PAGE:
1. Hi. You had mentioned on another post that the PASS test was best suited for your family. Test only goes up to eighth grade,though. We value your opinion and wondering what test would you suggest for ninth grade and up? Thanks for your help.

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    1. My personal next best would be the CAT test. I know many other families choose this as well. You can order either the paper version, or they also have an online version. It's timed, which I don't like, but I believe pretty much every other test apart from the PASS is timed. I think it's an overall good option. Thanks for the question. Good luck!

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    2. Thanks and God bless :)

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  2. Hi my daughter is in 8th grade and i want to homeschool her next year for 9th grade.I found an accredited online option called keystone that i could pay for.I waa wondering if you know if i would still be able to send her back to highschool for 10th grade if i choose keystone.My plan is to move to a better district.

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    1. Yes, you will be able to send her to highschool for 10th grade. You'll simply register her as a new student, according to whatever requirements the new school has. Some schools - not all - require a report card or transcript. If that's the case with your new school, you should just need to tell them that she homeschooled the previous year. They will then most likely have her take a placement test to assess whether or not she's on track with their 10th grade program. If there's any subject in which they feel she's not up to par, they will suggest options for getting her up to speed, but they should not hold her back.

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  3. hello
    I am considering homeschooling my daughter starting next September 2017. I am nervous about it. She will be entering 6th grade, and if i homeschool it would be for grades 6-8 only. How do you know what curriculum to use? worried I would not have her prepared for high school. help! lol

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    1. First, set your worries aside! I was terrified that I would fail my kids. This year, we sent my oldest to a private school for 9th grade, and I found out that even though I was sure I hadn't done enough or done well enough to prepare him, he has held his own academically. You can do this! As far as curriculum, I did a lot of research to figure out what I thought would work best for my kids. Google. Facebook homeschool groups. Asking friends who also homeschool. Eventually, I narrowed it down to what seemed right for us, and just bought it. Some of it worked. Some of it didn't. The beauty of homeschool is that if you feel something isn't working, you can make a change at any point throughout the school year. To help give you jumping off point, here is a link to the blog post I made about the curriculum we chose for my oldest when he was in 6th grade: http://foursquarepegs.blogspot.com/2014/09/great-curriculum-adventure-ii.html. Good luck!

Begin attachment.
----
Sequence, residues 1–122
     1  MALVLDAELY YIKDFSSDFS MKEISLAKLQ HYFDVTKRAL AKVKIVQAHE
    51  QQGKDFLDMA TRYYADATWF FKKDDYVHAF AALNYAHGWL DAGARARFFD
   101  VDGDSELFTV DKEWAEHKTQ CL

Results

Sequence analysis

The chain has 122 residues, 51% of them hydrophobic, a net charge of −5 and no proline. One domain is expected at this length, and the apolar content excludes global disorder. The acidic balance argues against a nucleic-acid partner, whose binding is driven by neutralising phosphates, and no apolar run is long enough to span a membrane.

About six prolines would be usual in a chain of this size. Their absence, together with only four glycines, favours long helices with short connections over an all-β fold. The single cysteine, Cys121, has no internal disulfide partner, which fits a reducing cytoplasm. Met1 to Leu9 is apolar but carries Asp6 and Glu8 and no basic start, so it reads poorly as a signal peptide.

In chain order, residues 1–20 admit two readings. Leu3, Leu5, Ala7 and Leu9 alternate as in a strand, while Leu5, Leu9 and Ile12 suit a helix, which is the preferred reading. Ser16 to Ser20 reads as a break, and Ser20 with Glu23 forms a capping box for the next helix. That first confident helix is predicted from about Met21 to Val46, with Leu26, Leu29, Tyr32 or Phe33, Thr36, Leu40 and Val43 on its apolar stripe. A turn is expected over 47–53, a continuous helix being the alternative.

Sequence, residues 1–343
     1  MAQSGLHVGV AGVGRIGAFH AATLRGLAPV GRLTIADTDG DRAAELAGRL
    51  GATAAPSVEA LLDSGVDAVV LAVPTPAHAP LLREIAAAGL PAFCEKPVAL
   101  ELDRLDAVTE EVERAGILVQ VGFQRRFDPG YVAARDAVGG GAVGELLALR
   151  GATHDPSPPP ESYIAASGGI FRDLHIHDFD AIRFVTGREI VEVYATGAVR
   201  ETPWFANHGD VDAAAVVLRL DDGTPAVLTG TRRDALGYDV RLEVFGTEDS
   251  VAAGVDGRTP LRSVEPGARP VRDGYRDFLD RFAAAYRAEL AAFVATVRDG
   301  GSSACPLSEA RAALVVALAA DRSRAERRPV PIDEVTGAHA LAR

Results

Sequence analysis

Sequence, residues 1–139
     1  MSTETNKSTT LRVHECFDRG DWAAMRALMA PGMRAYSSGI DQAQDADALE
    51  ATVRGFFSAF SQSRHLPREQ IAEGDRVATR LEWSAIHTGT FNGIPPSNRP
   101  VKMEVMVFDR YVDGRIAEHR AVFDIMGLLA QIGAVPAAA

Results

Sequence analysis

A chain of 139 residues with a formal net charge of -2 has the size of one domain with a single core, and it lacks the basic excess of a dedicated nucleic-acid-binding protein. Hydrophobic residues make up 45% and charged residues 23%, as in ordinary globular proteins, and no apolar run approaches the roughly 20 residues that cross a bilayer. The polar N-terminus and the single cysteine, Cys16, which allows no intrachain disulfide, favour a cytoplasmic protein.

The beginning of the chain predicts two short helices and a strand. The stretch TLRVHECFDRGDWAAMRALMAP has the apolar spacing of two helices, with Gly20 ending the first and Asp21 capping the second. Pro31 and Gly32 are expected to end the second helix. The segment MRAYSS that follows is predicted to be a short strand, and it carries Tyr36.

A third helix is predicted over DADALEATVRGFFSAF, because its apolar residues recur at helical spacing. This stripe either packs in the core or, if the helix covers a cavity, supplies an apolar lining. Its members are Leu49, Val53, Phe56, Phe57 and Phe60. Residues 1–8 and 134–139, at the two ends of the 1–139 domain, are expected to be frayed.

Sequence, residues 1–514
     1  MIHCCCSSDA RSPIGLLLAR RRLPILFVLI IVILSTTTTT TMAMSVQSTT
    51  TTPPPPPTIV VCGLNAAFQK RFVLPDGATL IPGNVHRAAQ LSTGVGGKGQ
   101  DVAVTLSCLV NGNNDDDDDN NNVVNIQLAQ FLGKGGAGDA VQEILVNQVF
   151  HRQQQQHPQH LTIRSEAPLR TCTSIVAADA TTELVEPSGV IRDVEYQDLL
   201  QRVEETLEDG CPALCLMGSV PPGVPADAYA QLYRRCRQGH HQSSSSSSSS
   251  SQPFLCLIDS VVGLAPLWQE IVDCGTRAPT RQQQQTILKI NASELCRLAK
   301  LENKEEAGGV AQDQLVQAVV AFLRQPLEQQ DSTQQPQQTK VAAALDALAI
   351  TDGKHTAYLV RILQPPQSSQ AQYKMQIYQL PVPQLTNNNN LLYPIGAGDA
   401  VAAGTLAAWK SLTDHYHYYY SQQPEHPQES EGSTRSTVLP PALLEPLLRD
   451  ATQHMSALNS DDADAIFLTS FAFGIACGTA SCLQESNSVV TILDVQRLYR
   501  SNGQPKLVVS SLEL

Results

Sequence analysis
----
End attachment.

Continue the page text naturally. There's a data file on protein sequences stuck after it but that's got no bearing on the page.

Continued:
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    2. My apologies, but I gave you the wrong link to our curriculum choices, although there are one or two 6th grade items in the one I gave you, the correct link is this: http://foursquarepegs.blogspot.com/2013/07/great-curriculum-adventure.html.

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    3. thank you for your reply. I guess my worries is more with math. she's currently doing common core, so I am wondering if i did something different for grades 6-8, what would happen for high school.. but i now understand how curriculum is very individualized decision

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    4. I honestly don't think it would have too much effect on her. It would take some getting used to on her part, but if she is doing well in whatever you choose to use, she should be fine. There are, however, some common core options out there if you're concerned about that and want to keep her up to speed on that whole aspect of math.

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  4. I am going nuts trying to figure out everything in regards to the annual assessment for my 6 year old. Should she take an achievement test? And which is the best for her age? How to go about ordering it and if it can be taken at home in NYS? Also information on if I wanted to go the written narrative route and what that consist of?

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    1. There is no legal reason for your 6 year old to take a test. Testing in NY is not required until 4th grade. However, if you WANT to do a test, you certainly could. Testing can be done at home, yes, as long as your district doesn't object. You would probably want to use the CAT test, as it doesn't have an age limit. You can find more information in my post here: http://foursquarepegs.blogspot.com/2013/06/annual-assessments-new-york-state.html and you can find an example of a written assessment here: http://homeschoolinginnewyorkcity.blogspot.com/2005/08/sample-annual-assessment.html